• 1 medium size sweet onion, diced
  • 2 garlic cloves, minced
  • 2 pinches cayenne (or 1-2 tsp chilli flakes)
  • 1 1/2 tsp peeled and grated fresh ginger
  • 1/2 tbsp coconut sugar
  • 3/4 tsp ground cinnamon
  • 1/4 tsp ground cumin
  • 3 1/2 cups chopped and peeled butternut squash (about 1 1/2 lbs)
  • 1 1/2 cups water
  • 1/4 cup creamy natural almond butter
  • Salt and freshly ground pepper
  • 1 1/2 cups cooked chickpeas, or one 15 oz. can
  • 1/2 cup chopped raw almonds
  • 3 cups chopped kale

Instructions

Heat the oil in a large saucepan over medium-low heat.  Add the onion, cover, and cook, stirring a few times, until softened, about 5 minutes.  Stir in the garlic, cayenne, ginger, coconut sugar, cinnamon , and cumin and cook for 1 minute.  Add the squash and stir to coat with the spices.  Add 1 1/4 cups of the water and salt and pepper to taste.  Bring to a boil, then reduce the heat to low.

Put the almond butter in a small bowl and slowly add the remaining 1/4 cup water, stirring until smooth.

Stir the almond butter mixture into the stew, cover, and simmer until the vegetables are tender, about 30 minutes.  About 10 minutes before the end of the cooking time, add the chickpeas, almonds and kale and simmer until heated through.  Before serving, taste to adjust the seasonings.

Serve over top of your favourite greens or grain.

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I'm sharing this recipe at Allergy-Free Wednesdays and Nourishing Recipes @ Lifeologia!

I hope you all found this post informative, helpful and delicious! I had a ton of fun writing it as it was something a little different!

Did you enjoy reading this post? What did you like about it and what didn’t you? Would you like to see more content like this on the blog?

I appreciate your input! See you back here for Healthy Vegan Friday. If you haven't already, check out last week's post here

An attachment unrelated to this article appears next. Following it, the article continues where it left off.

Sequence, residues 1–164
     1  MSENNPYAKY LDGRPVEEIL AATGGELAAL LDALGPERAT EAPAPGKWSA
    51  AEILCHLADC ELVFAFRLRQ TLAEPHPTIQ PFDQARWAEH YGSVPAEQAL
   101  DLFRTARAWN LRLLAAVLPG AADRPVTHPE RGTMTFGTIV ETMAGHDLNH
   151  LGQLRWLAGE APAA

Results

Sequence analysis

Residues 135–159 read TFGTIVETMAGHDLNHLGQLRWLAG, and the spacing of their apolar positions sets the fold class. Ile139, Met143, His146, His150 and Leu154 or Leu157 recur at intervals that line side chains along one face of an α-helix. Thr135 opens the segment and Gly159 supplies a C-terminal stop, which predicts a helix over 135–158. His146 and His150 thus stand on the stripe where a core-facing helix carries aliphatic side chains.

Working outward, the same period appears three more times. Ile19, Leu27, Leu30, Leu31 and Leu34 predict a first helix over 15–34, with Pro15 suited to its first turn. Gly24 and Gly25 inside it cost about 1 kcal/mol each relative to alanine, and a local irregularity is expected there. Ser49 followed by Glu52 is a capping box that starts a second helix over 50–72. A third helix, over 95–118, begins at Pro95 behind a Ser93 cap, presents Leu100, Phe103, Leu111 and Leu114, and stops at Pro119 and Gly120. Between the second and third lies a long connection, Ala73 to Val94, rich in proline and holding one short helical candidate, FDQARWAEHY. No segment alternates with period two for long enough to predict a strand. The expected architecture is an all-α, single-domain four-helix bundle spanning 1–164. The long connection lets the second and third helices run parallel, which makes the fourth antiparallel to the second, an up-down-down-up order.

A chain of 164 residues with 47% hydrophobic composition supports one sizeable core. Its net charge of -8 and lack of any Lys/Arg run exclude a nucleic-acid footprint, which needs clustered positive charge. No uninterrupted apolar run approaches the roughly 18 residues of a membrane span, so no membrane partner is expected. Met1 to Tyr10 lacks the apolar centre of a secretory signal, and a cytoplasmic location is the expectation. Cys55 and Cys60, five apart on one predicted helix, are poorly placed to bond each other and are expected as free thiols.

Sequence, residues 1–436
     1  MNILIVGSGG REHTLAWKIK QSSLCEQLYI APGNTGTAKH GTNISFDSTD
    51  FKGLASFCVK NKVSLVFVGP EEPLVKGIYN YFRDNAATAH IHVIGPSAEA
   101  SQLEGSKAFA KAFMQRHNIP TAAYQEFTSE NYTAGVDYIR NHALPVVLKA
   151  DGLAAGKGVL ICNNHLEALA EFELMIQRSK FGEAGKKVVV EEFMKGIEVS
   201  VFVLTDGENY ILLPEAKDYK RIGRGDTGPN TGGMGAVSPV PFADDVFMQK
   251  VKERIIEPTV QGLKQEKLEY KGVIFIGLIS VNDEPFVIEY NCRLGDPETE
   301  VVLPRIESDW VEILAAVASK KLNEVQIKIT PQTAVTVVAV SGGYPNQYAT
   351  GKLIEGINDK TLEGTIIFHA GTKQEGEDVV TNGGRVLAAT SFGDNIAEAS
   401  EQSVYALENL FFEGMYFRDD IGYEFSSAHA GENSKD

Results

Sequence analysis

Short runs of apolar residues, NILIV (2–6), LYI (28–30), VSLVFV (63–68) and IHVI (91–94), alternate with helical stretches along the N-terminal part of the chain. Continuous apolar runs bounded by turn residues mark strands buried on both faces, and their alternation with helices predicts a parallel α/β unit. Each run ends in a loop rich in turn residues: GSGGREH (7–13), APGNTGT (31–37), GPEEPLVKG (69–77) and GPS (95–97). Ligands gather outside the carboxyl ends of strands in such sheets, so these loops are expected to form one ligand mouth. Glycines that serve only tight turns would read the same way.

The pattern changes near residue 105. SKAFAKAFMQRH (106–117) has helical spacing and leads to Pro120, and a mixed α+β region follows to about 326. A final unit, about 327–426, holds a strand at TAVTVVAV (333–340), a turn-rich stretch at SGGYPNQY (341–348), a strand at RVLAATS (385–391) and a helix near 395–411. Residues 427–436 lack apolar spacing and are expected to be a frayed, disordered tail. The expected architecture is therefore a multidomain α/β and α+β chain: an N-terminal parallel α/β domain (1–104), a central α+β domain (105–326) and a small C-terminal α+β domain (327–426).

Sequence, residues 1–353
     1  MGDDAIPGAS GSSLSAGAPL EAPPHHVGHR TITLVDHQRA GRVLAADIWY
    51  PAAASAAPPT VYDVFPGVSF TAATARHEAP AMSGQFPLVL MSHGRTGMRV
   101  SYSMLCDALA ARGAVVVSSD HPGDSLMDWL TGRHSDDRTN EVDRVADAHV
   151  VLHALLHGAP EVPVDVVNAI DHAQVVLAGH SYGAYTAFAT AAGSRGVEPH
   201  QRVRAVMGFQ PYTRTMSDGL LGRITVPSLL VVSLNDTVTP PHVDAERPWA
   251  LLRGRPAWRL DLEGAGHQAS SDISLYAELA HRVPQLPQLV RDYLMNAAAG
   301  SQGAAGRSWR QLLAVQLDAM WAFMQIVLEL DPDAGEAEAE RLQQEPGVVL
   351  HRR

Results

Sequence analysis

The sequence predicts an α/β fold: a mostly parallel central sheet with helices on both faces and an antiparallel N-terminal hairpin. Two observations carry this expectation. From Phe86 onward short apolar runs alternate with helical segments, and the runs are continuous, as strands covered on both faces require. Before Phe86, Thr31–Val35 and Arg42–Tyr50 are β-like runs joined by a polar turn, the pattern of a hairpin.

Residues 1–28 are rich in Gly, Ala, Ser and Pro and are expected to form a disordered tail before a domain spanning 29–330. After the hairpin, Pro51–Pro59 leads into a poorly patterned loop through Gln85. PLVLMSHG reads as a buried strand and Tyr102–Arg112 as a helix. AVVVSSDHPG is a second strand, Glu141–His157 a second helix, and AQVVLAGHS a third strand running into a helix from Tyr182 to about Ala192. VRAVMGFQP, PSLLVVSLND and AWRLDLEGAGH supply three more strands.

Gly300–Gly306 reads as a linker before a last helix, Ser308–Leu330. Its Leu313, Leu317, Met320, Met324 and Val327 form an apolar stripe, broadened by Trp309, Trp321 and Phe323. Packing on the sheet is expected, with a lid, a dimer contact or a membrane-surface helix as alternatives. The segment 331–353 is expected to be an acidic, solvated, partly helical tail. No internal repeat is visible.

healthy in a hurry: curry tomato spaghetti squash

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this was one of those meals that was so simple to prepare using mainly pantry staples that when i took a bite, I was completely floored by how delicious it was. not to mention it took almost no time at all to make.

i knew i wanted to use the spaghetti squash i had pre-roasted- it’s a delicious and light grain and gluten-free way to enjoy a pasta like dish with all the added benefits of folate, potassium and vitamins a and c. but i was getting sick of all the classic options like classic tomato sauce and pesto (i know, i surprised myself with that one) so i needed a new and fresh sauce, but with minimal ingredients on hand.

as i was scouring my cupboards for inspiration, my eyes fell upon the curry jar and suddenly i knew my inspirations. this is a dish reminiscent of chana masala but with spaghetti squash instead of the rice. and believe me, the two compliment each other perfectly. the light sweetness of the squash combined with the savoury and spicy goodness of the curry really hit one out of the park (weird, i never use sports metaphors…. i have made this 3 times since and i never regret it, even with all the leftovers to eat.

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this dish only takes about 20 min to make if you’ve pre-roasted your squash making it the perfect “healthy in a hurry” dish. i always like to pre-roast my spaghetti squash when i have some spare time, that way it’s ready to go when i want it. there’s nothing worse than being desperately hungry and having to wait for your squash to cool before scraping out the insides!

i hope you enjoy this nourishing and warming meal- you don’t need loads of time or ingredients to eat deliciously :)